Brexit-sensitive stocks fall as no-deal fears grow

US investors remain wary as country’s trade war with China drags on

Renewed fears of a hard Brexit hit some Irish and many British stocks, while US investors remained wary as the country's trade war with China dragged on.


Low-cost carrier Ryanair shed 1.64 per cent to €8.74 as Brexit worries hit airlines generally. Banks also suffered. AIB shed 1.4 per cent to €2.256 while Bank of Ireland dipped 0.3 per cent to €3.44.

Housebuilder Glenveagh closed 3 per cent off at 61.6 cent, while its rival Cairn Homes remained flat at €1.006. Insulation and building materials specialist Kingspan shed 3.65 per cent at €40.68.

Multinational cement and concrete maker CRH, the index heavyweight, dipped 0.92 per cent to €29.23.



Shares in Thomas Cook slumped after the debt-laden travel group announced a $1.1 billion rescue plan by Chinese player Fosun Tourism that will wipe out the London-listed company's shareholders.

The bailout will leave Fosun with 75 per cent of Thomas Cook’s main holiday business and about 25 per cent of its airline division, while lenders will hold the balance of the group. Its shares collapsed as much as 19 per cent following the news yesterday, but recovered slightly to close 16.64 per cent down at 5.902 pence sterling. Thomas Cook’s value has shrunk by more than 90 per cent over the past 12 months.

Brexit-sensitive stocks fell as fears that the UK would crash out of the European Union without a deal grew after British premier Boris Johnson said he would suspend the country's parliament next month.

Aer Lingus and British Airways owner International Consolidated Airlines Group (IAG) shed 1.4 per cent to close at 416.7p. Dealers noted the stock was sensitive to consumer spending, which many believe will suffer in a "hard" Brexit. Low-cost carrier EasyJet shed 2.7 per cent to 944.8p.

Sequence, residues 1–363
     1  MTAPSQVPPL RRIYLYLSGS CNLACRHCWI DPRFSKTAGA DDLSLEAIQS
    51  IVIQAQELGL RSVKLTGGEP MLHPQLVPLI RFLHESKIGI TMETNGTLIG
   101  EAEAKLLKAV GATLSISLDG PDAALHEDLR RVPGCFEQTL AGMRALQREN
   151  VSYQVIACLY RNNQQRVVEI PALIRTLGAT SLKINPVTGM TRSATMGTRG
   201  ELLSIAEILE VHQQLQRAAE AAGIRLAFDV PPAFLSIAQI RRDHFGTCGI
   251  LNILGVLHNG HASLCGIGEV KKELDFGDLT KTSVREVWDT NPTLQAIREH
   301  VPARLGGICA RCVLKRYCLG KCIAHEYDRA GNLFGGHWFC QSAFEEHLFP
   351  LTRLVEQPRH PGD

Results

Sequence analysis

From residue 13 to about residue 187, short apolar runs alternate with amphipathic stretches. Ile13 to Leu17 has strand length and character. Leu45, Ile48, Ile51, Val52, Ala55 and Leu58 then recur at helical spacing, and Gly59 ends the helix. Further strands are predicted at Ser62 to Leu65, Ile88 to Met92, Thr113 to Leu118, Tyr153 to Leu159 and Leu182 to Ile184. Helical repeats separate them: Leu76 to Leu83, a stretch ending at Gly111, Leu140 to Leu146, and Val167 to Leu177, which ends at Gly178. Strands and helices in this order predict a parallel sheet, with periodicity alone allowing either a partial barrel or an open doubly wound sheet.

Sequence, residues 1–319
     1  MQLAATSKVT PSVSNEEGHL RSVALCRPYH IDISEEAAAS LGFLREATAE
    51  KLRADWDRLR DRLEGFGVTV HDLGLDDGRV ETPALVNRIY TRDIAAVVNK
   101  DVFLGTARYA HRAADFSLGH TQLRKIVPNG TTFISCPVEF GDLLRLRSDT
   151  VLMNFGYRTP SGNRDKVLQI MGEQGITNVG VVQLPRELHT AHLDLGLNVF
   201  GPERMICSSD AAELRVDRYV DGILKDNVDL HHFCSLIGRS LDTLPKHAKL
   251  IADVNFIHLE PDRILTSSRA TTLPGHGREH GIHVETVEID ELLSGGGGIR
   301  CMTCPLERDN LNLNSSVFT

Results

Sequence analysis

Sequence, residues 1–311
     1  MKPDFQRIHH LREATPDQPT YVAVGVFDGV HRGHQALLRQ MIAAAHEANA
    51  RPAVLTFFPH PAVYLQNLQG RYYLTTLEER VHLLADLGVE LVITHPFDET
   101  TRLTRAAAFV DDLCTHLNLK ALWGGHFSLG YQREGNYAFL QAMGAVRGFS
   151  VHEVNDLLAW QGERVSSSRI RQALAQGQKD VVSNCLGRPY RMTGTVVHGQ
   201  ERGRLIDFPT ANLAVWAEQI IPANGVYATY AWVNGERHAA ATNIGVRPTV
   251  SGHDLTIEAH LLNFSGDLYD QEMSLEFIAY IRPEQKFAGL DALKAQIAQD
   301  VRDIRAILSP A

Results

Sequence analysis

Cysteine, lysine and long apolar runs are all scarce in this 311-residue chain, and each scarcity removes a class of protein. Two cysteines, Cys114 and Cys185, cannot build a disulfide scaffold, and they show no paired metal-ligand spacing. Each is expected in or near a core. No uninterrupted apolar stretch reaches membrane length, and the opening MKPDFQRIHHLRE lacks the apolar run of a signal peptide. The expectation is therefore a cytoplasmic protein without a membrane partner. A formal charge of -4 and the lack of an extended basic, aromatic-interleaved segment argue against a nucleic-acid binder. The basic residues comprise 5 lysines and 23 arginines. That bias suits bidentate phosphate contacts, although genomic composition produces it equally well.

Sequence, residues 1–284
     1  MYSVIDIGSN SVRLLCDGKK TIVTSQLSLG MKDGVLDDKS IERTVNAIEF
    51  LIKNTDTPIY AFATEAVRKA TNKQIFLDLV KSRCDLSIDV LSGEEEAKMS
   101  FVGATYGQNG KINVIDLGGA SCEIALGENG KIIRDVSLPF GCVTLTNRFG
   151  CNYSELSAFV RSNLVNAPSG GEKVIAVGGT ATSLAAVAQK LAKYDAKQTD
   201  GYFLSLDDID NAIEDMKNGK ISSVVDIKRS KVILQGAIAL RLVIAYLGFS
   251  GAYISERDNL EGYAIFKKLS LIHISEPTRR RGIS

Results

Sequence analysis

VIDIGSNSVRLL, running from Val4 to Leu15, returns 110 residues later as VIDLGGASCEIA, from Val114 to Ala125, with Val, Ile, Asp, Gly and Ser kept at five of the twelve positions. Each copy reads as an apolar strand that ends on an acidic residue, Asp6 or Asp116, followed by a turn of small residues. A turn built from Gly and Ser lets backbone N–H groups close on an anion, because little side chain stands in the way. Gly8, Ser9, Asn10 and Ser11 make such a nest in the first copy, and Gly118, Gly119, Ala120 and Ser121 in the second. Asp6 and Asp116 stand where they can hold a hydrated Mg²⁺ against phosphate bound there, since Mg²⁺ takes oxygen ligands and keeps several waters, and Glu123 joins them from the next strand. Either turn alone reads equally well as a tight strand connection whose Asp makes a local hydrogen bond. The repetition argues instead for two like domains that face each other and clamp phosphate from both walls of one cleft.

Housebuilders suffered for same reason. Persimmon fell 2.85 per cent to 1,875p. Rival Barratt declined 3.43 per cent to 625p while Taylor Wimpey, one of British residential building's best-known names, tumbled 3.57 per cent to 143.10. Markets fear that Brexit will hit investment in construction.

Savings and loan provider Prudential, which has a big Asian exposure, fell 1.6 per cent to 1,326p, its lowest since November 2016, amid continued worries about damage to its business in Hong Kong due to the protests in the former British territory.

Miner Anglo American gained 1.61 per cent to 1,717.6p despite reports that profits at its De Beers diamond unit were down 30 per cent on declining sales.


Germany’s trade sensitive Dax ended lower, but bank-heavy Madrid stocks finishing in the positive territory.

Milan stocks ended flat, reversing earlier losses as Italy appeared to be nearing the end of its latest political turmoil with the opposition Democratic Party (PD) saying it was ready to form a coalition with the 5-Star Movement.

A majority of European subsector indices fell, with technology stocks down 1 per cent after a forecast cut from US software company Autodesk.

Danish companies were at extreme ends of the Europe-wide Stoxx 600 index. Brewer Royal Unibrew was up 10 per cent on higher-than-expected second-quarter results and an upbeat outlook, but jeweller Pandora slumped 6 per cent after Tiffany & Co warned of the potential impact from ongoing protests in Hong Kong.

New York

US stocks recovered from early losses on Wednesday, helped by financial stocks, although investors were guarded as worries about a recession loomed and trade tensions between the United States and China dragged on.

Technology stocks dipped 0.06 per cent, pressured by declines in shares of Microsoft and Autodesk. Shares of the AutoCAD software maker slid 8.1 per cent, the most on the S&P 500, after the company cut its full-year earnings forecast.

Shares of Tiffany & Co rose 2.8 per cent after the luxury jeweller reported quarterly earnings above analysts’ estimates. – Additional reporting Reuters

Barry O'Halloran

Barry O'Halloran

Barry O’Halloran covers energy, construction, insolvency, and gaming and betting, among other areas